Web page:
What does this do? Of course it instantly makes her fall in love with him. It doesn’t help that we are constantly reminded about Komomo’s tsundere tendencies, and while this may be appealing to a lot of visual novel fans, spending a copious amount of time reiterating that point is not needed. It’s like that friend who keeps repeating the same joke over and over again until you get sick of it. Repetition is a predictable and shallow plot element in this visual novel, and ruins the overall pace of the entire game. Kosame’s route? Forget it. It’s the exact same story as Komomo’s, once again falling for the repetition trap.
Another example of repetition? How about when we have a time jump in Yume’s route? Initially, I thought my game was broken and that I had to restart due to a bug. For 30 straight minutes (mind you 30 straight minutes of English reading), I was forced to reread the exact same dialogue with no change whatsoever. Perhaps the writers ran out of ideas to extend the game, or maybe this truly is a disease that Favorite suffers from. Regardless of the reason, one thing is certain – it’s a distraction and ruins the flow of the overall novel. As for Chinami’s route, this clearly was meant to appeal to siscon fans. As annoying as her character is however, Chinami had a heartfelt route because it focused on You’s family. I enjoyed this route because it shed some light on his past and how his mother and father met each other. We understand why he and Chinami are not related, and the amount of touching moments in this route really pulled on my emotional heartstrings. However, it still fell short and led me straight into Yume’s route, by far the worst of them all.
Yume, the girl the readers have been waiting for this entire time. This is the girl who we kept wondering about. It’s the girl who clearly has all of the answers as to who Mare is. After all the buildup, after all the tension, and after all the reading we are finally presented with this character. What do we get? A painstakingly ignorant girl who suffers from star cancer. A Deus ex Machina route that completely leaves the reader confused as your mom and dead father fix all of your problems and cure Yume of her disease. The end. Pack up and go home, unless of course you want an additional loli H-scene with Mare, because her route is non-existent anyways.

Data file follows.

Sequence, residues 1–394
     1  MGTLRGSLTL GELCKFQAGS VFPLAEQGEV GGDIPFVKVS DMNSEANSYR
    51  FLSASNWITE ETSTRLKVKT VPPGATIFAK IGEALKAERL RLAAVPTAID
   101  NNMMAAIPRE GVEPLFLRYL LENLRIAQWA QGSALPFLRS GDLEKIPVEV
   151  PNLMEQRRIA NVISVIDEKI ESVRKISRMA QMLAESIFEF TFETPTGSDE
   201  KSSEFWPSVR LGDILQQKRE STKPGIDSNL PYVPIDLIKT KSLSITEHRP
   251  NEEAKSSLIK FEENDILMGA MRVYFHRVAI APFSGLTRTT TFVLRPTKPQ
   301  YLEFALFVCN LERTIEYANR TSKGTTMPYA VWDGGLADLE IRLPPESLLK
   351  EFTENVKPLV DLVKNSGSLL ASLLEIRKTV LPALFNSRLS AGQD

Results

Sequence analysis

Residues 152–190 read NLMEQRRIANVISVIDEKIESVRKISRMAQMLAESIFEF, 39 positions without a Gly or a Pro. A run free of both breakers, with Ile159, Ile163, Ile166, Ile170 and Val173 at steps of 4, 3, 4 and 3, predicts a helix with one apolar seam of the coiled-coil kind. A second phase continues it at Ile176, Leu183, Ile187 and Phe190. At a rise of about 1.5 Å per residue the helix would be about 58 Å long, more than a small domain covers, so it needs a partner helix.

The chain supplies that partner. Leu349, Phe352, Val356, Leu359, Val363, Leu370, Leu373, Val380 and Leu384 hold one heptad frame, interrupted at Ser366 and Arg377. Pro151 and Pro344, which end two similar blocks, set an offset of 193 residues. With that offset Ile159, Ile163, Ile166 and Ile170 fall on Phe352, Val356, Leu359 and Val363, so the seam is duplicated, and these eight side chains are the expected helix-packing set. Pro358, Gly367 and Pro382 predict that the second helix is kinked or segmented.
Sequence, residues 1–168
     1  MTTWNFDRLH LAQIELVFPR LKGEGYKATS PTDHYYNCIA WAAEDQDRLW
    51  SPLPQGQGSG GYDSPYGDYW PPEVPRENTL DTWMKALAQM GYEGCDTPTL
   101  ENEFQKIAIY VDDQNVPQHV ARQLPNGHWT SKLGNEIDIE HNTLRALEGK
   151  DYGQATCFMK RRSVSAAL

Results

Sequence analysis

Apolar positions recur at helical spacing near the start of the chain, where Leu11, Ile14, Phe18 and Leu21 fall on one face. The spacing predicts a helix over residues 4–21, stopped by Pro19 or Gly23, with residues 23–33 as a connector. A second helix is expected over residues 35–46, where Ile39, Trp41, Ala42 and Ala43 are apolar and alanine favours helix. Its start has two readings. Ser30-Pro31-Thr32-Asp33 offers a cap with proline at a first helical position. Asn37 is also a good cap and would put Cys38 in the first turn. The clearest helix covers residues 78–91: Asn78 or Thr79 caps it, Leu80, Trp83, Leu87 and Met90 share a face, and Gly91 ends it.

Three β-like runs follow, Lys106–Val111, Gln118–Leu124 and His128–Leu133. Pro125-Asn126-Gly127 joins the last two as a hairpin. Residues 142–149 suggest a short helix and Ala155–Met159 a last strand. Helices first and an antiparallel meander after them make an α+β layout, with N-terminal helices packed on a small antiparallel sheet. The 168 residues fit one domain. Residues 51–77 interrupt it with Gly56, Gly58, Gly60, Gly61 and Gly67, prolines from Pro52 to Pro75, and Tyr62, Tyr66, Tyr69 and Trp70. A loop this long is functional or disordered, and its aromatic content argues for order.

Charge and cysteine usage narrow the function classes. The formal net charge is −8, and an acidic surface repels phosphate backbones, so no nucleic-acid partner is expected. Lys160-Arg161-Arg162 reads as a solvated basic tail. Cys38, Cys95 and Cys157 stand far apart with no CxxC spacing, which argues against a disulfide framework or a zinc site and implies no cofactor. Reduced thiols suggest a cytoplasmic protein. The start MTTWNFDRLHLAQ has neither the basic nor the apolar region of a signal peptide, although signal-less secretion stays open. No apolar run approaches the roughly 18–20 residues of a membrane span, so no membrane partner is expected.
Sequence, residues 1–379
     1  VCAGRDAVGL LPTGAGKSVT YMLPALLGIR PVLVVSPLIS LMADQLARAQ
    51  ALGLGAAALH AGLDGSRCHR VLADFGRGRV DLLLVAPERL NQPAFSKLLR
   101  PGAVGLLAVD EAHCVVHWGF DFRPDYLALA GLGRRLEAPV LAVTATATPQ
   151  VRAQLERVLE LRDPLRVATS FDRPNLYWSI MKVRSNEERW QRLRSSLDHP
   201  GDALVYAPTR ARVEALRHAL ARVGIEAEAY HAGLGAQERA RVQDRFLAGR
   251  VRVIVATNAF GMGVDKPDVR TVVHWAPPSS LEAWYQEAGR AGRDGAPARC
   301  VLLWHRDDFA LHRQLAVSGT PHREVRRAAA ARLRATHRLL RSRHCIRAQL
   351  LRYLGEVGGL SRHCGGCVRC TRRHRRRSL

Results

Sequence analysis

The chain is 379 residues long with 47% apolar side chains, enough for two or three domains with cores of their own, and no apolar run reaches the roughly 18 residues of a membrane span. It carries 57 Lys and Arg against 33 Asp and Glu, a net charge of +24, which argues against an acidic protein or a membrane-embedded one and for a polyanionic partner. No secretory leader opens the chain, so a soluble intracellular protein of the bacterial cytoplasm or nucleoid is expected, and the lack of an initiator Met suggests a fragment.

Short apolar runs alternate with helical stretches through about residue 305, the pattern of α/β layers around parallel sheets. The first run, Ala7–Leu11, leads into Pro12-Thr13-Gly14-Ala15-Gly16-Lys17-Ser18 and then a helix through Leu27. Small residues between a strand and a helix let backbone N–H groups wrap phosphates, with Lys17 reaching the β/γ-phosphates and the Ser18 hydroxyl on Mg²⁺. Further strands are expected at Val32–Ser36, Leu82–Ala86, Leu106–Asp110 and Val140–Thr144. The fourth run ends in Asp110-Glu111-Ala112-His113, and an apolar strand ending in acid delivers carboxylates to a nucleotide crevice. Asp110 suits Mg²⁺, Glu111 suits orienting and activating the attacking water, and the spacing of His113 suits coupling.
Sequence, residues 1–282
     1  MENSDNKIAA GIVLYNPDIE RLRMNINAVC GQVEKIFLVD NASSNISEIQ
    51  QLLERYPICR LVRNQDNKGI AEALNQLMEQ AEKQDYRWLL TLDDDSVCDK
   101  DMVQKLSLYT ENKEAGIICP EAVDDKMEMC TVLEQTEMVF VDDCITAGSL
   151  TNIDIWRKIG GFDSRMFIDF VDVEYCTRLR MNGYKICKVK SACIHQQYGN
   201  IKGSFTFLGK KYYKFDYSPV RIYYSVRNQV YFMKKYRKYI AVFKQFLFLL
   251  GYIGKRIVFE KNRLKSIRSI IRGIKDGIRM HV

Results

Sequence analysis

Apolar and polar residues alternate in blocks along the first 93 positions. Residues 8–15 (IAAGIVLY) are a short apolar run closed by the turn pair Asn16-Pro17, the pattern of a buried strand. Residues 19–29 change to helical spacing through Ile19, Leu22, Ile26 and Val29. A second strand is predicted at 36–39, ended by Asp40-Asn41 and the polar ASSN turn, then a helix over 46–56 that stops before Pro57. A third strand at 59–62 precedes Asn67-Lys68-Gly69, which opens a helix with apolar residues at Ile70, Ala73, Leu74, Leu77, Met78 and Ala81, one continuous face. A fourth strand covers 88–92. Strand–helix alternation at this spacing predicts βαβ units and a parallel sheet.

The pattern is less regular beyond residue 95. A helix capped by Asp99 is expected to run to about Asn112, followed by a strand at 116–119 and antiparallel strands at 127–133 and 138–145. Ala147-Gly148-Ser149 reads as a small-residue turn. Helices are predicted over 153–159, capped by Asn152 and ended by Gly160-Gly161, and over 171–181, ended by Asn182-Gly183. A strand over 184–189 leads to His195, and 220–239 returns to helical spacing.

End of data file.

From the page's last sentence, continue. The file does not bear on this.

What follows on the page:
Hoshizora no Memoria is a visual novel that started off so strong. We are given a mystery that drives the beginning of the game and makes us wonder what sorts of surprises this world has to offer. With its incredible soundtrack and jaw dropping backdrops, the game focuses on the protagonist and his struggles with reality. He questions his sanity, and we are slowly introduced to the world around him as he does so. We are left with a kick-off that drives this game down the path of success, but in the end, the story dips and everything heads straight for a cliff. The routes in this game ruin everything, and while the common route is still a joy to read to this day, the game overall is horrible. Plot holes, poor writing, and bad routes ruin this game, and as such, I tend to leave it on the shelf.
Submission by: OriginalRen